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Revenue Implications of Legalizing Marijuana

  • Jan 22, 2013 | Gail Cole

 What Are The True Revenue Implications of Legalization?

Proponents of legalizing marijuana argue that the regulated sale of pot will be a good source of revenue. Is it true? 

Washington State
In Washington State, where Initiative 502 made the possession of up to an ounce of marijuana legal on December 6, 2012 (adults only), it is estimated that approximately $4,295,000 in revenue will be generated by the legalization of marijuana over the next five years. Costs of administering the program will be approximately $2,754,000 during the same time period. (I-502 Fiscal Impact Statement).

The I-502 Fiscal Statement admits that "the total amount of revenue generated to state and local government could be as low as zero… " if the federal government steps in. On the other hand, "estimated total revenue generated to the state could be as high as $1,943,936,000 over five fiscal years."

Estimates for the revenue generating powers of Amendment 64, which was formally added to the state Constitution on December 10, 2012, vary widely. The Colorado Center on Law & Policy thinks that legal marijuana could "generate over $32 million in new revenue for the state budget, [and] over $14 million in new revenue for local governments" prior to 2017. In addition, it claims there would be savings of "more than $12 million in state and local law enforcement spending." The Huffington Post quotes Brian Vicente, co-director of the Campaign to Regulate Marijuana Like Alcohol, as saying that marijuana sales in Colorado "are expected to produce close to $50 million in new tax revenue annually."

The Numbers
Both Colorado and Washington plan to regulate the sale of marijuana much like the sale of alcohol, but the real impact of legalization on use is unknown. "Whether marijuana’s status as a legal or illegal drug influences how it is used remains unclear." Making the issue more interesting is the fact that marijuana remains illegal under federal law. (The New York Times).

Forbes asked the question, "Dude, Would Legalizing and Taxing Weed Solve Our Budget Woes?" It links to two 2010 studies on the subject:

  • A report by the Cato Institute on The Budgetary Impact of Ending Drug Prohibition estimates that legalizing drugs would save roughly $41.3 billion per year in government expenditure on enforcement of prohibition… and yield tax revenue of$46.7 billion annually, assuming legal drugs were taxed at rates comparable to those on alcohol and tobacco." "8.7 billion of this revenue would result from the legalization of marijuana…," which is the only thing on the table right now.
  • A RAND Corporation study on marijuana legalization in California suggests that "tax revenues could be dramatically lower or higher than the $1.4 billion estimate provided by the California Board of Equalization." The report reminds that "there is considerable uncertainty about the impact of legalizing marijuana in California on public budgets and consumption… ."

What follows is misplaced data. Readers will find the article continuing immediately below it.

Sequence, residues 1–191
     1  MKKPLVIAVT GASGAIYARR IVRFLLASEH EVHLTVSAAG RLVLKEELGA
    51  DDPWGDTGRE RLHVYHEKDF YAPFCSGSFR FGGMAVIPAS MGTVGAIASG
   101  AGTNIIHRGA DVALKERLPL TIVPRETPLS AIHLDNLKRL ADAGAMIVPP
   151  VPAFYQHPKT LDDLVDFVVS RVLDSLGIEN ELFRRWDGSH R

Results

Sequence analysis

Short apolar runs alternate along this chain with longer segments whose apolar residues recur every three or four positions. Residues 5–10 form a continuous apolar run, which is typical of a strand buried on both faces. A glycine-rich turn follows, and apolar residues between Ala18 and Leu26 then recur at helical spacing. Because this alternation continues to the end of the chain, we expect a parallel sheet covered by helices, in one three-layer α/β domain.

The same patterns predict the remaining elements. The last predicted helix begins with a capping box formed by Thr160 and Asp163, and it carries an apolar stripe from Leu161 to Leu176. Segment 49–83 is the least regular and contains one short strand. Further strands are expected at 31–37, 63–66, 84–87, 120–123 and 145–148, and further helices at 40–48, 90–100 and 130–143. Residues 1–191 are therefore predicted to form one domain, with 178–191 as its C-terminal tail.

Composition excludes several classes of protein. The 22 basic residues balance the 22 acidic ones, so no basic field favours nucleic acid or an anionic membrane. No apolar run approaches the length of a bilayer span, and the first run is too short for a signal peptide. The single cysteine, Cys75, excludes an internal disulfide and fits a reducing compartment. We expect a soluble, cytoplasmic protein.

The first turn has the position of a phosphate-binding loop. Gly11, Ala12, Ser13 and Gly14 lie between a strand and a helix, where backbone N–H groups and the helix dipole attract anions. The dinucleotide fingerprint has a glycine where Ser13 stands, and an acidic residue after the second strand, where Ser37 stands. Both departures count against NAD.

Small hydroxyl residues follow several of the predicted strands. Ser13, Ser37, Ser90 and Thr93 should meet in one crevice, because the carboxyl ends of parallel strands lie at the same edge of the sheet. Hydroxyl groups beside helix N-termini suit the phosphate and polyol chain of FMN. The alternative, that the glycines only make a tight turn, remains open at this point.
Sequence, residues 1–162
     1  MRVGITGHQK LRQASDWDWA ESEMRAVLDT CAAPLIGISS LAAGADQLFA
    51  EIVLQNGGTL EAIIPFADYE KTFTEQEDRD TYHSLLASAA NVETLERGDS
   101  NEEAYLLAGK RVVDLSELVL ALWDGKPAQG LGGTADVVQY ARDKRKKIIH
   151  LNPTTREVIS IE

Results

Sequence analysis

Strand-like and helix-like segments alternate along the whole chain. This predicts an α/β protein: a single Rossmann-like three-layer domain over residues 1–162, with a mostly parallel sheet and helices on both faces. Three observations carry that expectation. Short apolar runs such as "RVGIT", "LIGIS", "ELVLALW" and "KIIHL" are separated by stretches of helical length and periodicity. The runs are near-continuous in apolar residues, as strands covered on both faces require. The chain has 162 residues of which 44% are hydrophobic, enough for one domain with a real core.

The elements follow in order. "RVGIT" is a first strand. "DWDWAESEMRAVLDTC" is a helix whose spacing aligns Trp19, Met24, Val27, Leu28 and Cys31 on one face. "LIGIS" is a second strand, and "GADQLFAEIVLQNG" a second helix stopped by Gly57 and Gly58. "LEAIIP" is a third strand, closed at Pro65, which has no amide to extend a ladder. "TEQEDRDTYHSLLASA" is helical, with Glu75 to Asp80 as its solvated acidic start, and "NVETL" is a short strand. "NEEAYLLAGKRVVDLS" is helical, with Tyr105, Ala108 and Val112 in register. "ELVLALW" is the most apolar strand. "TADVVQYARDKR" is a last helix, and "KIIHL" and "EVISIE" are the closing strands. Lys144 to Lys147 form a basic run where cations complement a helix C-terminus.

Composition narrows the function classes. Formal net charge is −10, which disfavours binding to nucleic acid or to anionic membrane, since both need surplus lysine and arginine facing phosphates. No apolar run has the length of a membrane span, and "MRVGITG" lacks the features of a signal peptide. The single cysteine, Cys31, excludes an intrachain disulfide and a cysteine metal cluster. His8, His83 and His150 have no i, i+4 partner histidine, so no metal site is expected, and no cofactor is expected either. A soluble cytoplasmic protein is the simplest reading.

If people smoke more pot when its legal, will they consume less alcohol? Will tax revenue generated by pot cut into tax revenue generated by alcohol?

Overall, the consensus seems to be that "legalizing dope will trim spending and generate some new taxes." It may not be the windfall some think it will be. The Forbes article wryly concludes with, "Legalizing dope … won't prevent us from going over the fiscal cliff. On the other hand, maybe we won't care as much."

Not So Fun Facts
In the United States, approximately 750,000 people are arrested each year for marijuana-related offenses. Some 40,000 inmates "have a current conviction involving marijuana, and about half of them are in for marijuana offenses alone."

The average annual cost per inmate in a New York State prison is $60,076.

Broader Implications
Licensing fees and sales tax are not the only possible sources of revenue when marijuana is legalized. Consider the jobs that will undoubtedly be created by producers, processors, and retailers.

Proponents of legalization continue to reference the fiscal pros of legalizing marijuana. In Hawaii, supporters of the recently introduced Personal Use of Marijuana Act (House Bill 150) say that $3 million would be saved from a reduction in law enforcement costs if marijuana is made legal. Furthermore, "if you taxed and regulated it, it could be eleven million dollars or even more in tax revenues." (hawaiinewsnow.com).

photo credit: warrantedarrest via photopin cc

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Sales tax rates, rules, and regulations change frequently. Although we hope you'll find this information helpful, this blog is for informational purposes only and does not provide legal or tax advice.
Gail Cole
Avalara Author
Gail Cole
Gail Cole
Avalara Author Gail Cole
Gail began researching and writing about sales tax in 2012 and has been fascinated with it ever since. She has a penchant for uncovering unusual tax facts, and endeavors to make complex sales tax laws more digestible for both experts and laypeople.